6 Reasons Why Coloring Is Really Good for Introverts

IntrovertDear.com introvert coloring

I’m an introvert who likes to color. I’m not talking about the coloring kids do with crayons in preschool, but grown-up coloring. You know, when you get out your nice colored pencils, sip a glass of wine, and color beautiful images in a book made just for adults. No Disney princesses or monster trucks here.

Like millions of other adults, I’ve fallen in love with coloring books―so much so that I created my own coloring book for introverts. Anybody can color, whether you’re an introvert, extrovert, or whatever-vert, but I’d be willing to bet that many colorers are introverted. That’s because coloring can be really good for introverts:

1. You can color alone, at home, in your pajamas, while Netflix plays in the background. This is probably the most obvious reason why coloring is good for introverts. Introverts need plenty of quiet downtime to feel energized and sane, because our brains are wired differently than the brains of extroverts. Simply put, introverts generally just don’t feel as rewarded as extroverts when they, say, make small talk with strangers at a cocktail party or go clubbing on a Saturday night. In fact, introverts may find certain levels of stimulation to be tiring and punishing. While extroverts get a “buzz” from being in fast-paced, exciting environments, introverts may find those same situations to be exhausting. That’s why introverts enjoy being alone―hanging out at home, in comfortable surroundings, where the level of stimulation is just right. Coloring is the perfect companion to an introvert’s night in.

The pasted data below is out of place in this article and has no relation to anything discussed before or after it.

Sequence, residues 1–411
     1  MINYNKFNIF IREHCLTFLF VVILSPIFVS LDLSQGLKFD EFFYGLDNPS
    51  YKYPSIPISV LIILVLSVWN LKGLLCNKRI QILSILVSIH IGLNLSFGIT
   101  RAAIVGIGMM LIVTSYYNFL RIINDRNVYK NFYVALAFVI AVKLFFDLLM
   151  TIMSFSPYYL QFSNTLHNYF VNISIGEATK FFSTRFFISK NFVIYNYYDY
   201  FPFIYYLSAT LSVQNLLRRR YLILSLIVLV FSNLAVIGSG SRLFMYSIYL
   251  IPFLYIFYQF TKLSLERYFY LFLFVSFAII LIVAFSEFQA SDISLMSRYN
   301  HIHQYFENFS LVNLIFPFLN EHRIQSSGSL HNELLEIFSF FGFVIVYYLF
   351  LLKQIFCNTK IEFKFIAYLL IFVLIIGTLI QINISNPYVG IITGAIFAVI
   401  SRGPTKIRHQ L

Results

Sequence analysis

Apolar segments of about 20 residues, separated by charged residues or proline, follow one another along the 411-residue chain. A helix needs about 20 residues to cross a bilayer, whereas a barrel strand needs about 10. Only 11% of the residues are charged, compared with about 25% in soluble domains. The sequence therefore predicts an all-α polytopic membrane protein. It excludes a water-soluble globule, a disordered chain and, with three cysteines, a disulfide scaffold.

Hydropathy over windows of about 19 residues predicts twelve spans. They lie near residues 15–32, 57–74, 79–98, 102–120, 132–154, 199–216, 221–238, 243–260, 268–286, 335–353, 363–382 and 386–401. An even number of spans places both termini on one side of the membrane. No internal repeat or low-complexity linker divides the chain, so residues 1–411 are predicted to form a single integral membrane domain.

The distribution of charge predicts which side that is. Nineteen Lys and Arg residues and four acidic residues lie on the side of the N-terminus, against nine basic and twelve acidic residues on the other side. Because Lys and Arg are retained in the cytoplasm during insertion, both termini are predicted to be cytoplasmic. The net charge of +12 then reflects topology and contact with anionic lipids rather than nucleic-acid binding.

2. It helps you de-stress. Interestingly, one of the first psychologists to use coloring as a relaxation technique was Carl G. Jung in the early 20th century. He had patients color mandalas, which are circular designs with concentric shapes that originated in India. Coincidentally, Jung was also the first person to define introversion; in his now classic text, Psychological Types, he described it as “inwardly directed psychic energy.”

When Jung prescribed coloring for his stressed-out patients, he didn’t understand the science behind what he was doing, but he was on to something: coloring calms your mind and helps focus your thoughts. When you color, areas on both sides of your brain are activated, according to psychologist Gloria Martínez Ayala. “The action involves both logic, by which we color forms, and creativity, when mixing and matching colors,” she told the Huffington Post. “This incorporates the areas of the cerebral cortex involved in vision and fine motor skills. The relaxation that it provides lowers the activity of the amygdala, a basic part of our brain involved in controlling emotion that is affected by stress.”